4. Dan says:

    Previously it was said that adding railcards to contactless payment cards would happen “in 2024”. Do you know if that’s still the plan or is that going to be late as well?

  5. JP says:

    When I worked for TfL, Phase 1 Project Oval go-live was scheduled for 21 October ’23. And that’s just for relatively straightforward full fare ticketing (admittedly some of the ticket pricing challenges were far from simple!). I wouldn’t expect railcard discounts on contactless anytime soon. Technology changes happen very slowly at TfL these days. I hope I’m proved wrong though.

  6. Paul says:

    Great and long overdue; one has to wonder why this takes so long
    The UK in general seems to suffer from a culture of angsting and arguing over details rather than just getting stuff done

    • ianVisits says:

      Actually, the UK is a world leader in contactless payments for transport — it was pretty much invented by TfL after all — but as if often the case, the organisation that invents something is then stuck with the legacy kit for a long time until it can be upgraded, so it looks as if the first mover isn’t innovative, when in fact, it’s if anything, too innovative.

    • MilesT says:

      To be more precise, I understand Hong Kong was first with “Octopus”, Oyster being largely a copy (fairly soon after).

    • Paul says:

      @ianVisits I agree TfL led the technology here – but I doubt the delays are anything to do with the technology! I suspect a litany of management difficulties that boil down to an outdated bureaucracy and working culture. It’s a similar story in a lot of more established organisations.

      @MilesT – Ian is referring to contactless payments on transport, not Oyster/Octopus. Uniquely TfL worked with the major payment providers to develop a system much more sophisticated than standard retail contactless, to allow touch in and out, accumulation of payments during the day/week, and never needing to insert a card anywhere.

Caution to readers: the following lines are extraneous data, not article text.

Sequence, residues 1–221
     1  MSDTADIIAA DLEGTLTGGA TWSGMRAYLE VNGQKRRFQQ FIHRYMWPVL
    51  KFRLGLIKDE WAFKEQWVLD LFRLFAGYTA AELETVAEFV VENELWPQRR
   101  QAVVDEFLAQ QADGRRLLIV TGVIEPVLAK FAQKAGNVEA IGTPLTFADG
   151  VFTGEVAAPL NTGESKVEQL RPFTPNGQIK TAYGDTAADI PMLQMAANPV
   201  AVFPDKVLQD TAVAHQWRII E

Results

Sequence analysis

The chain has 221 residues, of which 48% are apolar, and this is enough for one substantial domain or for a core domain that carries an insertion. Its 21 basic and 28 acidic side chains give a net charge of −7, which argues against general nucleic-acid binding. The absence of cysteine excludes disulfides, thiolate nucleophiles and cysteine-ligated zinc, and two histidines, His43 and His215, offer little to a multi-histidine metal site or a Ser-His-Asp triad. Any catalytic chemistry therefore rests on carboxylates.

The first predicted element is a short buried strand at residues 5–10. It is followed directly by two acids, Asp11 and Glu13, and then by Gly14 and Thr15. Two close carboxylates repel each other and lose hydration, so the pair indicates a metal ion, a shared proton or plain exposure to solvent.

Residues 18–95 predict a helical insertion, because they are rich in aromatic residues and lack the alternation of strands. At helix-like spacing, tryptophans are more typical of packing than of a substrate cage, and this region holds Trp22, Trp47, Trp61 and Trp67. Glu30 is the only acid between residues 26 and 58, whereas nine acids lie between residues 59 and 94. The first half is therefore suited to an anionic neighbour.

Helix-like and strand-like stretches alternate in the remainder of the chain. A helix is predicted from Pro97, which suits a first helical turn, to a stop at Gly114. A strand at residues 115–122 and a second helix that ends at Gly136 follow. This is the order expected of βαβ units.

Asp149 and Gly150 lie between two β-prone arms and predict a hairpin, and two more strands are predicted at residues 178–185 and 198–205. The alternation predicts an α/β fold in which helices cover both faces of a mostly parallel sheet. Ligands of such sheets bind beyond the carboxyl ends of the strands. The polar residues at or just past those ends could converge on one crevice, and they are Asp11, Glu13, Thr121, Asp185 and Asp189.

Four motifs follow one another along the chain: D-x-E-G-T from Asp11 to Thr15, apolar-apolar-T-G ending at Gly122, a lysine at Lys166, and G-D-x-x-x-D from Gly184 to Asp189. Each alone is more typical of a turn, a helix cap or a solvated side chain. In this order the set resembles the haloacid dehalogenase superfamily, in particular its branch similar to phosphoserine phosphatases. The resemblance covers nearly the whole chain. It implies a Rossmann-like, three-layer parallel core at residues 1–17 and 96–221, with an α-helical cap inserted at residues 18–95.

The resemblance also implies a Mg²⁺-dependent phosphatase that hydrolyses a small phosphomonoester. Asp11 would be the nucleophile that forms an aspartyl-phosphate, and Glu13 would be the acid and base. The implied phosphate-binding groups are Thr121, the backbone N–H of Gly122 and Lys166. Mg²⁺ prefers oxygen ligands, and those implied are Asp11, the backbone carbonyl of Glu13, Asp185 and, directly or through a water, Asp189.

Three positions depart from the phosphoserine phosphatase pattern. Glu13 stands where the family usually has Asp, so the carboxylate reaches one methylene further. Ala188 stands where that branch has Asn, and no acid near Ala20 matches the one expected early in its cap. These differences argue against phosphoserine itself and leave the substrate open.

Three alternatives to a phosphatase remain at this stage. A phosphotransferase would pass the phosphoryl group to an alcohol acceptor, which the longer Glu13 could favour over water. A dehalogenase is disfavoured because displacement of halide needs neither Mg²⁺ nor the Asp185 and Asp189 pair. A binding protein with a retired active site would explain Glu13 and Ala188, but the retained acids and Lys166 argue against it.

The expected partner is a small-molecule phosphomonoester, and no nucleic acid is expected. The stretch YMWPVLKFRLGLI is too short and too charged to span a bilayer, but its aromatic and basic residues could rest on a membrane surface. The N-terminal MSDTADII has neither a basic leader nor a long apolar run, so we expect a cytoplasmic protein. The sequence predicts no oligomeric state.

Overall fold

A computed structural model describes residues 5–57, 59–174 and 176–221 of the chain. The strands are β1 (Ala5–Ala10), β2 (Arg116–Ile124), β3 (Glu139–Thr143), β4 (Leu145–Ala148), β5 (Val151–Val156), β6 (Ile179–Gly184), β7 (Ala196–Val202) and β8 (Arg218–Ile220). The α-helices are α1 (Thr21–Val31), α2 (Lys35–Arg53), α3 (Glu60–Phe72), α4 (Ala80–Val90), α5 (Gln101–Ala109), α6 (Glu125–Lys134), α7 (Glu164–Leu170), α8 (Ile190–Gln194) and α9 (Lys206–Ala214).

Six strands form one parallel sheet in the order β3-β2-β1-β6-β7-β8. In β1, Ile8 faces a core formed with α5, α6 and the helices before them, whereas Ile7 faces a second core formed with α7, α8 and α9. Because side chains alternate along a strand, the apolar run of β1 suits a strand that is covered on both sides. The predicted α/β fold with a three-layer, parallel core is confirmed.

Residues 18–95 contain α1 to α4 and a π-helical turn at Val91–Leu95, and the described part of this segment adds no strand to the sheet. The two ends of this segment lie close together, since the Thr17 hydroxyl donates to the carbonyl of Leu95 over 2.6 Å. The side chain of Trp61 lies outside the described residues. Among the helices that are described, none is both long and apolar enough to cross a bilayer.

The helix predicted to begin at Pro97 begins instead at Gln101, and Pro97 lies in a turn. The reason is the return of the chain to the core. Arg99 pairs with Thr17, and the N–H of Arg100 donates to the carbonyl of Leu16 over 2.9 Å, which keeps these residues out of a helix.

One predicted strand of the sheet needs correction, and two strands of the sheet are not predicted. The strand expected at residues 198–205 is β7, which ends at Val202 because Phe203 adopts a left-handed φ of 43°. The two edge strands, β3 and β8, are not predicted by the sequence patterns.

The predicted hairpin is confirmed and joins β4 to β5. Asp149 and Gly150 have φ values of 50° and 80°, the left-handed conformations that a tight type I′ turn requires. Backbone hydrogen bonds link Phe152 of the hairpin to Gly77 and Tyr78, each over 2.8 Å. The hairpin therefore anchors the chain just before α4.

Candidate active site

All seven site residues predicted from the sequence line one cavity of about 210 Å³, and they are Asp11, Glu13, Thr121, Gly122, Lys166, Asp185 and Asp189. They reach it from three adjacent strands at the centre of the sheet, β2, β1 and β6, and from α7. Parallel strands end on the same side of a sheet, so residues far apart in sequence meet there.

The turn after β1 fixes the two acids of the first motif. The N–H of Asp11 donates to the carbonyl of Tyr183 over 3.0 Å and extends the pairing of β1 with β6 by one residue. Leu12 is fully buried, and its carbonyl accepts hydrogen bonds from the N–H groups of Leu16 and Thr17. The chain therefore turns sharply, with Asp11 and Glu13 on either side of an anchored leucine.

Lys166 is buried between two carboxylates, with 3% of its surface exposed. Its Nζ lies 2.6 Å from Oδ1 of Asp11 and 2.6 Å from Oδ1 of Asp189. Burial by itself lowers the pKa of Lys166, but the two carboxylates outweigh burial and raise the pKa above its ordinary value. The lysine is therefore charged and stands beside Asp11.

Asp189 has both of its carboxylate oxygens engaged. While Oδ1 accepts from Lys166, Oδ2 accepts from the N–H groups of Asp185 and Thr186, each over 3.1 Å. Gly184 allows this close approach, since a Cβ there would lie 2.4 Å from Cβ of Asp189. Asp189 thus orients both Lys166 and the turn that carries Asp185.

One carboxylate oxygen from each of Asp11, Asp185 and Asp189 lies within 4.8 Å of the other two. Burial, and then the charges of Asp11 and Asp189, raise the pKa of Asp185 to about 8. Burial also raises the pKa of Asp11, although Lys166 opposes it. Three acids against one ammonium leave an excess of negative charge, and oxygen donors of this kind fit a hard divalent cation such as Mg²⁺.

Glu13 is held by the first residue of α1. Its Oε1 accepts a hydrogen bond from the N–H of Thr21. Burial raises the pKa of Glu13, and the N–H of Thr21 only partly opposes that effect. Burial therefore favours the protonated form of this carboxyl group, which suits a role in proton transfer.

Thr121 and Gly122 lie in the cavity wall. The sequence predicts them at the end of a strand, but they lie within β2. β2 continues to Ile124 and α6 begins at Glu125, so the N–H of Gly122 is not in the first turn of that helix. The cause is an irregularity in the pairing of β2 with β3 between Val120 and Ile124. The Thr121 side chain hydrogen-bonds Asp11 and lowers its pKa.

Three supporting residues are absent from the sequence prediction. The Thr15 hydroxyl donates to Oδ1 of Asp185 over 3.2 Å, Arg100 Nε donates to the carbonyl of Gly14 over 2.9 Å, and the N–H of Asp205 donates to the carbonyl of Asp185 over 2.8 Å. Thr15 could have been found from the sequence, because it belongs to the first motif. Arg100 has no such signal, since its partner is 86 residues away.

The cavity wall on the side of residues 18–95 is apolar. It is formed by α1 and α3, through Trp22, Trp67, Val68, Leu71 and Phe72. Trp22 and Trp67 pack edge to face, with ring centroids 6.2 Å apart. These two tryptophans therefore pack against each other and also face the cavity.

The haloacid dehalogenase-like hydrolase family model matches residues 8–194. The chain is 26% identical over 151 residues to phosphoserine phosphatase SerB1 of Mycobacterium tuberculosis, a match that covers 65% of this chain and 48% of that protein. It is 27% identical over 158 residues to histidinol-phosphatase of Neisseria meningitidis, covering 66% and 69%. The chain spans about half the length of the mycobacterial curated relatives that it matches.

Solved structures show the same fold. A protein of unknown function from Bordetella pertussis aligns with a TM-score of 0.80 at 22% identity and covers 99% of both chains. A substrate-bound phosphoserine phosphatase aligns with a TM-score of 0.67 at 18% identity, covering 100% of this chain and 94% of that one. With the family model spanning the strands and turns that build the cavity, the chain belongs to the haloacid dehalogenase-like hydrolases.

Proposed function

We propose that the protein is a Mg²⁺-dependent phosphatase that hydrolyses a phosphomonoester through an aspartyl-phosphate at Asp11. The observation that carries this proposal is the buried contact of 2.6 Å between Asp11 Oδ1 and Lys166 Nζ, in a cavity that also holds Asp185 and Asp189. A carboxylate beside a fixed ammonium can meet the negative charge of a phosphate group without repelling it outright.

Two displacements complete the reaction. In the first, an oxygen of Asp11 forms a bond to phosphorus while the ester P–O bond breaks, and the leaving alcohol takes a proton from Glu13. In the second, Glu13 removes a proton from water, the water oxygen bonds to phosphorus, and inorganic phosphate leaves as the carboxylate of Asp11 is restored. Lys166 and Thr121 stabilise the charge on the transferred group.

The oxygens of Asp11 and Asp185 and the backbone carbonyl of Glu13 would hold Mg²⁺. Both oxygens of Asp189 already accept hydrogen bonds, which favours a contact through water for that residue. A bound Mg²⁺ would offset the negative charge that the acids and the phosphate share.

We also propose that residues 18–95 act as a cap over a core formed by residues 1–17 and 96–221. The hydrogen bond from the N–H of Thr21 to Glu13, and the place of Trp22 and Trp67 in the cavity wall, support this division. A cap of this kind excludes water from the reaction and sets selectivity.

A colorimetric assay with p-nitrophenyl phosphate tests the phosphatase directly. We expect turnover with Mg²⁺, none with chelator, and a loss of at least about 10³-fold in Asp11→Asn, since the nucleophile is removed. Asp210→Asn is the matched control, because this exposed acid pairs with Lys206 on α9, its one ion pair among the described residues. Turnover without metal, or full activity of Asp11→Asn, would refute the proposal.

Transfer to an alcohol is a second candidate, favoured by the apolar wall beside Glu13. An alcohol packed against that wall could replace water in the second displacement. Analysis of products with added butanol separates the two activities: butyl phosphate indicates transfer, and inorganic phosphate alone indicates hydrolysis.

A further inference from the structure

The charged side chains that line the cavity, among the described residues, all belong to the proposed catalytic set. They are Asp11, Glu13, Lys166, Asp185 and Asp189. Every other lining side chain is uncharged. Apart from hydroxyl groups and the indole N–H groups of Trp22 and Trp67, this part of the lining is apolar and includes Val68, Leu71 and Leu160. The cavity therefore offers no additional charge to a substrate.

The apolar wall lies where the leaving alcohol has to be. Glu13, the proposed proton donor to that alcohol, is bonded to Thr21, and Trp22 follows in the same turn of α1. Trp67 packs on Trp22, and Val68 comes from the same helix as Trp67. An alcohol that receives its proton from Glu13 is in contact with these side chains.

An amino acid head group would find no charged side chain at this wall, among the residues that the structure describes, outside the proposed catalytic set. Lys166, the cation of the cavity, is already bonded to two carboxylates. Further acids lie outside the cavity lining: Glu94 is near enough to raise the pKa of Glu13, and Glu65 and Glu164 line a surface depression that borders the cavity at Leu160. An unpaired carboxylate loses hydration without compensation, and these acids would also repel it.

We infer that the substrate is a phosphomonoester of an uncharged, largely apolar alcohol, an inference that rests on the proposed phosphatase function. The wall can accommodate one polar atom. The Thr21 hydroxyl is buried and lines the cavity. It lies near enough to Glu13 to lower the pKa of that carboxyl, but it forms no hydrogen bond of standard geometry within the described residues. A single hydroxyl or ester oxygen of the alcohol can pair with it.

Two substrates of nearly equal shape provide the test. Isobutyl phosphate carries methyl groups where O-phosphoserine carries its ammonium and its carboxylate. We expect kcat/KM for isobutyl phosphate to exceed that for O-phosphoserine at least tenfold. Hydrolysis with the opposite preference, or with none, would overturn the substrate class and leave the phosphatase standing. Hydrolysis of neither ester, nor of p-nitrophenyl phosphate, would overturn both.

7. Gerry says:

    Dunton Green is a Southeastern station that does not have any Thameslink services.
    Along with Sevenoaks, it now suffers from having evening peak fares from London reintroduced (having been abolished about 40 years ago). However, the minor benefit of contactless has still not arrived; it’s often cheaper to buy a Super Off-Peak Day Return from Tonbridge because it has no evening restriction !
    The Contactless expansion was due in 2023, but it slipped to the New Year, and the Southeastern website still forlornly promises ‘Spring 2024’.
    Has there been any formal announcement that it’s been further delayed to the end of 2024?

    • ianVisits says:

      I am not aware of anyone saying the expansion has been delayed to the end of 2024 – where did you hear that?

  8. Gerry says:

    “The other stations planned for the first phase of the Project Oval expansion by the end of this year are…”

    • ianVisits says:

      BY the end of the year, not TO the end of the year – could be in 6 days time, or six months time.

  9. Gerry says:

    We’ll have to wait and see, but based on past performance my bet would be that the 2025 fares hike will have kicked in before contactless can be used on Southeastern and Thameslink services on the lines from Sevenoaks.

    Similarly, when contactless eventually arrives it still won’t be possible to load a railcard.

    Nor will the takeover of the metro services by TfL be delivered, despite being promised more than a decade ago.

    Hope I’m wrong on all three !

  10. Edvid May 22nd says:

    Is your ‘Phase 1 by end-of-this-year’ remark based on Ticketing & Revenue Update 152, perchance? The quoted sentence below…

    “In preparation for delivery of the second and third stages of Project Oval later this year, Cubic will be adding base data for a further batch of stations planned to be covered within Phases 2A and 2B of the project.”

    …initially had me believe that TfL still were looking to implement the whole full-fare expansion this year(!) Now I’m wondering if the second / third phases they refer to (following the 30 June extension to High Wycombe, essentially “1A”) are actually “1B / 1C”.

    Back in May 2022 the provisional Phase 1 target was majority due by the end of 2022. 25 months on that gap hasn’t shrunk all that much!